Josh Bowes ’23 has spent the past month channeling his passion for global affairs into research for a Washington, D.C.-based think tank.
The Millennium Project is a global futures research think tank that connects futurist researchers around the world to improve global foresight.
Bowes, who is double majoring in global studies and comparative philosophy with a minor in French, is interning remotely as a research assistant with the think tank’s new South Asia Foresight Network.
His research focuses on the affairs of South Asia and how they can be addressed through a multi-pronged and multi-perspective approach, working with high-level geopolitics scholars and academics.
“I’ve always kept up with current events, so having the privilege to conduct research and write about global affairs and issues is so rewarding,” said Bowes, who also serves as Student Government vice president, a Community Fellow, Presidential Ambassador, and Model United Nations delegate. “Knowing that I am actively working toward addressing the most pressing issues in the world today is so enlightening and humbling.”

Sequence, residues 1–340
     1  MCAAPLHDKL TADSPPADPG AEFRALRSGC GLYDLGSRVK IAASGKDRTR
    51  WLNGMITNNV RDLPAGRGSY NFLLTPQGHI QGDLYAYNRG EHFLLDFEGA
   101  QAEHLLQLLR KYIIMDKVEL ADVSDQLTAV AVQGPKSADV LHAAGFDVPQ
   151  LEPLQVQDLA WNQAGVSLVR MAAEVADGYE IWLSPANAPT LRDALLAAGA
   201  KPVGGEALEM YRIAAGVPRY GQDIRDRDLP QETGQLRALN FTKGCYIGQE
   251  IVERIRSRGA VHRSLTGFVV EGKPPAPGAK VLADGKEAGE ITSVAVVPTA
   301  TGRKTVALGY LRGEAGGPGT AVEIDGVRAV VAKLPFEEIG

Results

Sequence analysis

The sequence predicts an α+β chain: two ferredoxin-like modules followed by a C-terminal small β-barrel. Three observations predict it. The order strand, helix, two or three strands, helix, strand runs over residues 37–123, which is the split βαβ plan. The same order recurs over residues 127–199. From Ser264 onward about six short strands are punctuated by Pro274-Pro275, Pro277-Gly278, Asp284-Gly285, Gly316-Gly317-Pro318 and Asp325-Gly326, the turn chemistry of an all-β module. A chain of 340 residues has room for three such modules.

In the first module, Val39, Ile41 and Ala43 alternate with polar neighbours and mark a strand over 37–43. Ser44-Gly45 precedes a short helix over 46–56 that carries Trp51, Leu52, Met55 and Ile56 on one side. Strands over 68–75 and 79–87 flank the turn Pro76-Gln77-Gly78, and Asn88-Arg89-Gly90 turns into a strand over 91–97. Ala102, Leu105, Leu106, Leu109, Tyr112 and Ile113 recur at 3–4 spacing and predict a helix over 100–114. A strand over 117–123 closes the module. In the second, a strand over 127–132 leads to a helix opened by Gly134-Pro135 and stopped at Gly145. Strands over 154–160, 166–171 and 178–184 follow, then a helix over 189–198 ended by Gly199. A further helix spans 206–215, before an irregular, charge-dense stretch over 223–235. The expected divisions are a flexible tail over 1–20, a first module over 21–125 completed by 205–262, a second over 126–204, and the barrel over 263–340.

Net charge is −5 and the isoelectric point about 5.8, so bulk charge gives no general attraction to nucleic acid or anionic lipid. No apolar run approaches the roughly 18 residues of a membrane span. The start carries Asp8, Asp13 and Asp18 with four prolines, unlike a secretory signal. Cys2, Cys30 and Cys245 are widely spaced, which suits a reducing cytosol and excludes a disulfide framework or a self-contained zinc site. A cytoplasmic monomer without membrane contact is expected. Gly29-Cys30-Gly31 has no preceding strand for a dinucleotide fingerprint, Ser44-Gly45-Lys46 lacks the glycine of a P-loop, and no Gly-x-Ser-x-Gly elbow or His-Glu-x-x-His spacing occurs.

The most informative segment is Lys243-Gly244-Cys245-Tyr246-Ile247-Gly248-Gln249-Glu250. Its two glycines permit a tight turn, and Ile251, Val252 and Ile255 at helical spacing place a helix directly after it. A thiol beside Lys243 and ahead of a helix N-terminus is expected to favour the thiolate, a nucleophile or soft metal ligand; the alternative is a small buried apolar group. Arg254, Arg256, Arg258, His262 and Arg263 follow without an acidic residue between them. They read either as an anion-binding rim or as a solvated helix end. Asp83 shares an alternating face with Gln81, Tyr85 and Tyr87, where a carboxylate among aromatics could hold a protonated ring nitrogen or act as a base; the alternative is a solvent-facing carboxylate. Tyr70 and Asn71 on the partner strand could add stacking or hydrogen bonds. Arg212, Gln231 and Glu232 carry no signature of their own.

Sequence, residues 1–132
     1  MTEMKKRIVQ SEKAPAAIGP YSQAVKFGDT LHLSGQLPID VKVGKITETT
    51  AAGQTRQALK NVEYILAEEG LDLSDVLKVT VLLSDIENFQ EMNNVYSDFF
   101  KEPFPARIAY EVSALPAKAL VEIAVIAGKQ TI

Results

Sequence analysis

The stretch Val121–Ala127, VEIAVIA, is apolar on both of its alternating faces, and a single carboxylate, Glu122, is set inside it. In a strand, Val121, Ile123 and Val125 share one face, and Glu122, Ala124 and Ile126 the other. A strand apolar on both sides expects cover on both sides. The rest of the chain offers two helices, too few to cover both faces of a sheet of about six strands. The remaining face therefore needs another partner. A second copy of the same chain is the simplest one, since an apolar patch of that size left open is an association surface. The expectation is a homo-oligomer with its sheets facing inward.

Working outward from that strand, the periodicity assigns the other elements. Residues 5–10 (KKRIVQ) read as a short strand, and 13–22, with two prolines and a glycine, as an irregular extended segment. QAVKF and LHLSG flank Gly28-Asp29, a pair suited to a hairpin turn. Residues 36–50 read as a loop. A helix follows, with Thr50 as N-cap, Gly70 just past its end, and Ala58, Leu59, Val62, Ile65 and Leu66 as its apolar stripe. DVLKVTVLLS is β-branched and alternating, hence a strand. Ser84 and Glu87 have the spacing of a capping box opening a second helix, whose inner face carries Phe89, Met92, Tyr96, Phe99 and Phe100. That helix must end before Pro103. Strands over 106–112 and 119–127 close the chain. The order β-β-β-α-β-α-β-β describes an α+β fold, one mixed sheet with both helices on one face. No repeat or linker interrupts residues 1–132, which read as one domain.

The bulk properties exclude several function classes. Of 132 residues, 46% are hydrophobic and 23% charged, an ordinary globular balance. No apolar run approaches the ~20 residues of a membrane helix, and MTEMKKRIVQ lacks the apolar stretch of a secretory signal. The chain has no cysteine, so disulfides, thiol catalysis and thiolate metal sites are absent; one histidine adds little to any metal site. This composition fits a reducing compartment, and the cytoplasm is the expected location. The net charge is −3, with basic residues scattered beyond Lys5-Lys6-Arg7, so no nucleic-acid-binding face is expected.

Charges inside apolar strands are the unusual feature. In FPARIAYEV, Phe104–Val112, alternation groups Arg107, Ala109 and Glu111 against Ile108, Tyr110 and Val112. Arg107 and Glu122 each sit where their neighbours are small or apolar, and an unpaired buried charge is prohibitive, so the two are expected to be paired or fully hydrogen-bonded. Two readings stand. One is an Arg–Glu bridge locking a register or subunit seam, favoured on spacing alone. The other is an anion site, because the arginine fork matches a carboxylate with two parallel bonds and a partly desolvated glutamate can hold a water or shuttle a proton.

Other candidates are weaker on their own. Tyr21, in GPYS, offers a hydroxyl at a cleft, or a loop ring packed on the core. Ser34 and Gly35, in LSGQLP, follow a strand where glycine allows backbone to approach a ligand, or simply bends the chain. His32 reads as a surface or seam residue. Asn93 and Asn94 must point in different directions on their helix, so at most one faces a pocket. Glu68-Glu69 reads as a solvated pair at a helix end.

Bowes was offered the internship after meeting Asanga Abeyagoonasekera, a senior fellow with the Millennium Project who served as a guest mentor for Randolph’s Student Ambassador Program this fall.
The two connected about their shared interests and Bowes’s senior seminar project on contemporary populist movements in the United States and Brazil.
Before offering Bowes the internship, Abeyagoonasekera proposed they collaborate on a paper together.
Synergetic Thinking for the Absence of Multilateralism in South Asia, which also included a contribution from Millennium Project co-founder Jerome Glenn, was published by the Nepal Institute of International Cooperation and Engagement in February.
“The process was very smooth,” Bowes said. “I wrote my part and sent it to Mr. Abeyagoonasekera. He wrote his part and sent it to me. We went from there, making frequent edits and adding to the argument until it was fully fleshed out.”
After Bowes graduates this spring, he’d like to continue working for a think tank or find a position in geopolitics, global affairs, or policymaking.
“I would love to work in geopolitical research and writing or work for a government agency like the State Department, National Security Agency, or United Nations,” he said. “Through this internship, I’m learning how to conduct high-level research on important topics, how to think creatively about critical issues, and write intelligently and astutely about major global affairs.”Tags: comparative philosophy, global affairs, Presidential Ambassador Program